E had many articulations. Kazuo Shiraga painted with his feet; Akira Kanayama painted with a remote control car; and Yasuo Sumi painted with an abacus. Even looser expressions of e included Shiraga's Ultramodern Sanbaso, which he performed in a red outfit with sweeping sleeves, creating an e of a long and meandering red line; and Atsuko Tanaka's Electric Dress, which produced an e of bright color and rapid, moving light.
Printed publications were a vital part of Gutai's output. They contributed to the group's wider efforts to create and maintain an international network of similar-minded artists, and were also designed to engage audiences within and outside the art world.
The Gutai Journal was set up in 1954, a year before the movement's first group exhibition. It was heavily inspired by the Surrealist magazine Minotaure and featured photographs of Gutai artworks and shows, articles by members of the group, and images of works by their international contemporaries. The journal was incredibly pioneering in its design and layout, and became a kind of exhibition space in its own right, with contributions that included concrete poetry, graphic cutouts, and limited edition multiples by Gutai members. It was also translated into English and French and distributed to influential artists and critics internationally.
Kirin was a children's art and poetry magazine that aimed to free art education from the tight constrictions that had been imposed on it by Japan's military regime. Many Gutai artists taught art to children alongside their practices, and wanted to use art education as a way to encourage children to think for themselves and give them the freedom to create as individuals through play in the same way artists in the group did. Members of Gutai wrote around sixty articles for Kirin between 1954 and 1962.
Gutai was one of the first modern movements to make works that actively involved the spectator, anticipating the more famous, technology-based interactive art from the 1960s onwards. The group's desire to involve the public - young and old - in the creation of their artworks, or to encourage interaction with them, had its root in their emphasis on individual expression, democracy, and freedom. Well-known examples include Atsuko Tanaka's Work (Bell) (1955), in which viewers were invited to press a switch, setting off a series of ringing sounds around the gallery in an experiment in 'living sound' that interrupted other visitors' quiet contemplation of the rest of the pieces in the exhibition; Gutai Card Box (1962), a vending machine that dispensed original, postcard-sized Gutai artworks to the public; and many of the large sculptures in the Outdoor Gutai Art Exhibition of 1956 that invited visitors to touch, enter, walk round, and thoroughly reflect on the pieces in the same way the artists had in their production.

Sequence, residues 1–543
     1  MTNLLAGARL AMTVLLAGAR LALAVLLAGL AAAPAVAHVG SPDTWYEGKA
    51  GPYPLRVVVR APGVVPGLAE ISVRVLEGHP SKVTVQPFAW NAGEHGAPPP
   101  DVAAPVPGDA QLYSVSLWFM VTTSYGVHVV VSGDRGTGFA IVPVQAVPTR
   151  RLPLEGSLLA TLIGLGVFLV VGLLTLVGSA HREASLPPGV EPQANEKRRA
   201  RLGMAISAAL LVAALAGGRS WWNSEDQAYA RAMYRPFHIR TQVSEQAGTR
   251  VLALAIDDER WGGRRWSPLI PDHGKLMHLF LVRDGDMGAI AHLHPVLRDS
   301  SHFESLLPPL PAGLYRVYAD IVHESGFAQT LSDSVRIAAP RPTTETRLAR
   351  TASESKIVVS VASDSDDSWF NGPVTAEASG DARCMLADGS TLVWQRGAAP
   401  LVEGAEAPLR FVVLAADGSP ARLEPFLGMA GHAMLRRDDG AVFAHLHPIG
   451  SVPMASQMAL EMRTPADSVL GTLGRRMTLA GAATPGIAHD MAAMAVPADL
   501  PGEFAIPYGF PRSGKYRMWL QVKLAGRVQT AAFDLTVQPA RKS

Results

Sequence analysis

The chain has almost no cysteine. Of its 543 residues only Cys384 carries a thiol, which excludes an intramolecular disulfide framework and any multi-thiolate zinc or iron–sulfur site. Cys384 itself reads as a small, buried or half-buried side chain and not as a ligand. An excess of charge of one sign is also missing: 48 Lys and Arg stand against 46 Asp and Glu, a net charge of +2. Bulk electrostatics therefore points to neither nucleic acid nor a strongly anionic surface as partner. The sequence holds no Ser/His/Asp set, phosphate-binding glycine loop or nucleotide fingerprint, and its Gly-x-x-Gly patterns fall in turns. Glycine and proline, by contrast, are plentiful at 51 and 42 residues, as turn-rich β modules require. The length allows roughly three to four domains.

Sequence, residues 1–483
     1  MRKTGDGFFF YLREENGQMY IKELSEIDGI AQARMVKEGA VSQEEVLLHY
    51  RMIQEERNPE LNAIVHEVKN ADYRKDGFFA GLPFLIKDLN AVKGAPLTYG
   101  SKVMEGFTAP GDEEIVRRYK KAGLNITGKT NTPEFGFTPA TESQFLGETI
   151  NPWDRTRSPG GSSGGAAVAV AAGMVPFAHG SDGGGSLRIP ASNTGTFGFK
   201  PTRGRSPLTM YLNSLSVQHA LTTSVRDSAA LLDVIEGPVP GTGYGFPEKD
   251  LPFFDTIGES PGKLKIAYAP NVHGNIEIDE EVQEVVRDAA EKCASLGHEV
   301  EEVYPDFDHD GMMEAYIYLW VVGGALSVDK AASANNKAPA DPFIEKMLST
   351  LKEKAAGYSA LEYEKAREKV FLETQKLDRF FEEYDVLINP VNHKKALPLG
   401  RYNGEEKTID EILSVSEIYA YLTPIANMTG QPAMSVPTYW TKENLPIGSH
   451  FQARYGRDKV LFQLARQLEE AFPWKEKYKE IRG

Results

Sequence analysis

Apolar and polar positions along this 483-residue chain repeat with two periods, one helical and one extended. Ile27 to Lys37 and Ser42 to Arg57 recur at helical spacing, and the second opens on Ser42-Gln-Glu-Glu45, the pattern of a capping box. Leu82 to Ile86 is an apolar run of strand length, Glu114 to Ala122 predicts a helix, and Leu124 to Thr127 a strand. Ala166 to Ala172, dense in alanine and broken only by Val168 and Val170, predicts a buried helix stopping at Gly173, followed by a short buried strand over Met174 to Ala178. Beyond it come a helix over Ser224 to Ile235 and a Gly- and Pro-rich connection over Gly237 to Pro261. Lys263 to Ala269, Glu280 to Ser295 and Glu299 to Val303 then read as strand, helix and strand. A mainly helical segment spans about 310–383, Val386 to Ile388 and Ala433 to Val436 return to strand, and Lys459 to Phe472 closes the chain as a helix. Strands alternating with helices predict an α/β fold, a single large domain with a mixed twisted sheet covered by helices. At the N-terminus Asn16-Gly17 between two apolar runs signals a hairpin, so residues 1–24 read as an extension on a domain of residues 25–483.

Later Developments - After The Gutai Group
The movement disbanded after Yoshihara's sudden death in 1972. Many Gutai artists, feeling that they were now part of the establishment they had originally been so eager to rebel against, founded new movements and made fresh works that ensured their continuing cultural relevance. Shozo Shimamoto, for example, created a new collective known as the Artists' Union, while a 1979 exhibition called Jirõ Yoshihara and Today's Aspects of Gutai showed almost entirely new painting, performance, and conceptual works by former members.
Gutai is now acknowledged as one of the most influential movements in art, and has had an enormous impact on contemporary practice both in Japan and around the world. Its impact on more famous, 20th century performance art movements such as Happenings, Fluxus, and Viennese Actionism, as well as on the conceptual art of the 1970s, is now widely recognized. Kaprow in particular cited the group as a direct influence, sharing their desire to push beyond the Action Painting of Pollock into more experimental territory.
The group's political engagement, their liberal attitudes to art education, and above all their promotion of pure, unbridled creative freedom for all are issues that continue to be relevant as are their concept of e to liberate painting from its historical constraints, their groundbreaking performances, and their democratic ideas about how art should be made and shown. Relational art and the engaged performance practices of Tino Sehgal or Rirkrit Tiravanija, for example, all owe a clear debt to Gutai.
Reflecting this continued artistic importance, there has been a resurgence of interest in the movement at important international institutions in the last few years, with a survey show at the Guggenheim in New York in 2013, a retrospective room at the 2009 Venice Biennale, and several high profile publications by contemporary art historians.